6) Throw a bone sometimes

Especially if you are a curmudgeon, you may consider throwing a bone sometimes. I can be critical of SAP and others and therefore when I see something I really like, I make a point of writing about it. It brings balance to the universe and gives people a warm feeling.

Edit: I thought I made this clear but Dennis Howlett had to interject with: “you missed one: kissing the odd a** helps occasionally…” – yes Dennis, it’s the same thing.

Edit: Vijay has his 2 cents this too: “good one mate…my own rule is “only write if u can stand both boquets and brickbats”. No bones thrown – it has to be earned”. Fair point, and remember point 2) Be true to yourself.

7) Build a support network

I can’t stress how important this is. And this is a good time for me to thank Mike Prosceno of the bloggers program in SAP for being a mentor and offering practical support. Same goes to Stacey Fish and Andrea Kauffman. And to my fellow bloggers Jon Reed, Dennis Howlett, Vijay Vijaysankar, Harald Reiter and Jarret Pazahanick in particular. You bounce ideas, help create content together and collaborate. Thanks everyone.

8) Never steal

Stealing someone’s idea in the blogging world is very bad. Very bad. You will be ostracised and hated because content is king – it’s what makes us. If in doubt and you came up with an idea together, ask if they mind if you write about it. It costs nothing, and losing a blog is nothing compared to your relationships and reputation.

Whilst we’re there, don’t intentionally lie. It’s pointless and you will be caught up. Sometimes you will misquote someone or do something wrong as I did the other week to Alexia Tsotis on my blog: Why TechCrunch is boring, SAP is not, and the world has gone mad. Apologise, correct the mistake, and move on.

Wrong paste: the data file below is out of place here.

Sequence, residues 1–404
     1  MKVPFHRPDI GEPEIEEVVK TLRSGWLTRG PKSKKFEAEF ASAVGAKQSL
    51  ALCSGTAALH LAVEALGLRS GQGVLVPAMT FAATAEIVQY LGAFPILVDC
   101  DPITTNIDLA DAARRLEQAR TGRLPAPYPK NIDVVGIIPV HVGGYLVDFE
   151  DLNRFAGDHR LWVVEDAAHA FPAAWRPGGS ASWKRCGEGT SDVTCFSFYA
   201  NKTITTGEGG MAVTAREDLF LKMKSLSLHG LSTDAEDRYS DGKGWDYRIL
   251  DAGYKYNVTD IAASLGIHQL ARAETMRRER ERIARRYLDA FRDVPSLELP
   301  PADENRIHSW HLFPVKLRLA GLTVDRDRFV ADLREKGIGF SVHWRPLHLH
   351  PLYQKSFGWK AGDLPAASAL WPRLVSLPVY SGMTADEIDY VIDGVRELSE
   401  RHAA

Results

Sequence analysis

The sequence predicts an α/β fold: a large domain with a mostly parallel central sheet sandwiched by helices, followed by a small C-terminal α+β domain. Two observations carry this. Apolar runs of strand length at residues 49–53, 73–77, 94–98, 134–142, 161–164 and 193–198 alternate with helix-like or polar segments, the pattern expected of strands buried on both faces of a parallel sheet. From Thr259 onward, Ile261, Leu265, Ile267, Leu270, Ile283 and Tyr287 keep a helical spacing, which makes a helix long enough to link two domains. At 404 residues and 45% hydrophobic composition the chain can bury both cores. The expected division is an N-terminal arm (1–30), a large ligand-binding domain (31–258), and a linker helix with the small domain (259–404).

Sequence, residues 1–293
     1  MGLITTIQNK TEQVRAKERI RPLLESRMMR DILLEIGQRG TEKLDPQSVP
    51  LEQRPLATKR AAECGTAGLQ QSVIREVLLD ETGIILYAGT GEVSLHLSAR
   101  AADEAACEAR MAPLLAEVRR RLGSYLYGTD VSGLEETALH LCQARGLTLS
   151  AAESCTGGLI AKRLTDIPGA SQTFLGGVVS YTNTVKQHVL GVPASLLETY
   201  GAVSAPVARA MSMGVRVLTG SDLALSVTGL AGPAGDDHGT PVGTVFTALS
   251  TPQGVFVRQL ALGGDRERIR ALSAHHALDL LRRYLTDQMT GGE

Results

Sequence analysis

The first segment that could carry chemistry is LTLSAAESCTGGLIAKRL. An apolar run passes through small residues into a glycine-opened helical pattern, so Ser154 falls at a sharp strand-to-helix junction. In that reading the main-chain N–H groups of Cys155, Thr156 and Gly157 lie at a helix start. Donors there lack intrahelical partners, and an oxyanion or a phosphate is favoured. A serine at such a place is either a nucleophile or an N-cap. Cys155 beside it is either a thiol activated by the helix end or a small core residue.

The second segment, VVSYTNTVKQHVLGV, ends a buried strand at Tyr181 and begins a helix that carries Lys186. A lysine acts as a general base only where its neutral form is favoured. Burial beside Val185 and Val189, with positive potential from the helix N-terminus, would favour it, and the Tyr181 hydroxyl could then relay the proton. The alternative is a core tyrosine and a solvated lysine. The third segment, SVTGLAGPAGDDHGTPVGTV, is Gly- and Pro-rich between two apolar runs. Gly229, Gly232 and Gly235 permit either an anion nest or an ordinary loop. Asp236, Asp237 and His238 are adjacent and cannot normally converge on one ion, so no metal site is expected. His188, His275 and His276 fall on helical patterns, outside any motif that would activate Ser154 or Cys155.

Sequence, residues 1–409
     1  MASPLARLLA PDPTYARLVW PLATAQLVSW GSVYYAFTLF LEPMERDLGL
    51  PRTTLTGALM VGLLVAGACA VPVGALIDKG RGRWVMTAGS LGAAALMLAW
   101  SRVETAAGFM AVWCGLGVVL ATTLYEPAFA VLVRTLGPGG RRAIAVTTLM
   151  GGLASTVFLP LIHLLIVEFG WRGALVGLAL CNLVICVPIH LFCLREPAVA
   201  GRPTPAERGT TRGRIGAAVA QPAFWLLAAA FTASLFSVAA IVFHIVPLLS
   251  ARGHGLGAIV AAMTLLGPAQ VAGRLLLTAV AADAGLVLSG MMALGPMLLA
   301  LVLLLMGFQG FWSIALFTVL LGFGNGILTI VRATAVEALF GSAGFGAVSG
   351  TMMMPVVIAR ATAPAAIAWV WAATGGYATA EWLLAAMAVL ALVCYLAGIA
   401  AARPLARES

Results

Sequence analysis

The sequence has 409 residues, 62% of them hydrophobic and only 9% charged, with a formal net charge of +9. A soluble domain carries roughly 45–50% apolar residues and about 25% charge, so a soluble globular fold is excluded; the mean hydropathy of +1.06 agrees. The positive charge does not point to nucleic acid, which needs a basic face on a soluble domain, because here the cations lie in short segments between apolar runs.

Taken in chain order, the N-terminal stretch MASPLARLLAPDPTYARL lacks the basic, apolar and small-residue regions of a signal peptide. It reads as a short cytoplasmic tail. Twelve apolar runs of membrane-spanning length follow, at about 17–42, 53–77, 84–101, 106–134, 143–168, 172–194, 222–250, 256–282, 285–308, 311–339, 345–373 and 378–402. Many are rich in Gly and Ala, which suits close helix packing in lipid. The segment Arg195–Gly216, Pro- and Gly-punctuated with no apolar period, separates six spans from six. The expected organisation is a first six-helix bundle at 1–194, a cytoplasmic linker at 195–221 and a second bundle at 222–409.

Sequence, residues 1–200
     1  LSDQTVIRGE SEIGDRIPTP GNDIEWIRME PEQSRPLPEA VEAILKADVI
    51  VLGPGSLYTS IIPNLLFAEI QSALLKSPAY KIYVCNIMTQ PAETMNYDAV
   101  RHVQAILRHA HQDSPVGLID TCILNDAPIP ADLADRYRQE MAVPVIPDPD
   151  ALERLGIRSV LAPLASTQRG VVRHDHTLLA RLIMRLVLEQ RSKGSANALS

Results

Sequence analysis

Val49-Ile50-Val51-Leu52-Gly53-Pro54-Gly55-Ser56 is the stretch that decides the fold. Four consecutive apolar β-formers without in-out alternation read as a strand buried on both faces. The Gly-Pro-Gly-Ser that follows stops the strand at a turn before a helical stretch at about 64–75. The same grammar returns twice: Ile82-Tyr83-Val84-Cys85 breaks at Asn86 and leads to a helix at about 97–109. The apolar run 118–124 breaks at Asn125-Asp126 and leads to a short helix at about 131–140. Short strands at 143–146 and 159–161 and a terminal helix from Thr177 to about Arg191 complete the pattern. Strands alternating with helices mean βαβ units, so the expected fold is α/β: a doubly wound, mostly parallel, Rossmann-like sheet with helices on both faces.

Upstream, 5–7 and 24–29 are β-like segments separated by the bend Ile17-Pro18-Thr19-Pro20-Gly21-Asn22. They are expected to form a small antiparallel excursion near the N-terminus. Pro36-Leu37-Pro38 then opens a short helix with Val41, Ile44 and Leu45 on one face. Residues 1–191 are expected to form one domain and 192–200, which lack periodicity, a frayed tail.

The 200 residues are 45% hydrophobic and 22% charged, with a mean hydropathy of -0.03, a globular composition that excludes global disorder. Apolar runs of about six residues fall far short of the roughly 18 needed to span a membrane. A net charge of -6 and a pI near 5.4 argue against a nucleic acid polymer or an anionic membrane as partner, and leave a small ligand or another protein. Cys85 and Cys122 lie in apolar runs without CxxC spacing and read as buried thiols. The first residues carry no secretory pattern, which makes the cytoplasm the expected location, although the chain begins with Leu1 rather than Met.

9) Be relevant

This relates to where you post. I post on my company website, personal website and SCN. I try to make that content relevant to the location. If you read my content hopefully you will realise that I often don’t put market stuff on the Bluefin website. Or community stuff on my personal site. Or Bluefin stuff here.

It also relates to your content. Avoid cross-posting except where relevant – it just annoys people on the whole, and try to actually come up with something original. Blogging for the sake of blogging sucks. Technical content and HOWTOs is especially well-received by SCN and is a great way to get into blogging if you are scared.

10) You are not too young or too junior – or too old!

Several of my graduates from this last year blog. Brenton wrote the most this year so he gets the plug to his profile. He writes on matters of development, mobile and he has great content. He writes what he knows and it’s good stuff. You can also do the same.

Also as Michelle Crapo points out, and Dennis Howlett lives, you can’t be too old too. You can be boring and irrelevant though. And angry. Just kidding Dennis, age has nothing to do with it.

Some final words

I’d also like to put a special thankyou to my mentor, John Niland, who has helped me this year create clarity of thinking and action. Some of these ideas came from him (Sophisticated Procrastination for one) and he has been great. John is a great public speaker and would be great at an SAP event. So if anyone at the events team is looking for a keynote speaker then please get in touch with me, or with him.